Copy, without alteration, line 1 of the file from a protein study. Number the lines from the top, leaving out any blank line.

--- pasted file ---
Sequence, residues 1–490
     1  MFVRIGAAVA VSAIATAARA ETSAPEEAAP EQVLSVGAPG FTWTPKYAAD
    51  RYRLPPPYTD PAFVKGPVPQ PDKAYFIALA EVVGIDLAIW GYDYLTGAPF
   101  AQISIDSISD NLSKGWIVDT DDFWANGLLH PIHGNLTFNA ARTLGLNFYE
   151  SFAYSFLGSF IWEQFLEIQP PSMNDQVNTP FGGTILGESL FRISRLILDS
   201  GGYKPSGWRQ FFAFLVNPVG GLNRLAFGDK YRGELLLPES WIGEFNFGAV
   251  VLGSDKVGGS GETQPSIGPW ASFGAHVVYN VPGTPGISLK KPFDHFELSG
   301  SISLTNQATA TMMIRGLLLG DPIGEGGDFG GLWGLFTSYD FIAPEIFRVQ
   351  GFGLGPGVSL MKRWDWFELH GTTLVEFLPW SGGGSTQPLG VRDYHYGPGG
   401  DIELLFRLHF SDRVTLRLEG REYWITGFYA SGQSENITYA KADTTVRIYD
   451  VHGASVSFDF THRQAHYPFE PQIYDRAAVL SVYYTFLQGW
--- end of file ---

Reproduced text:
Sequence, residues 1–490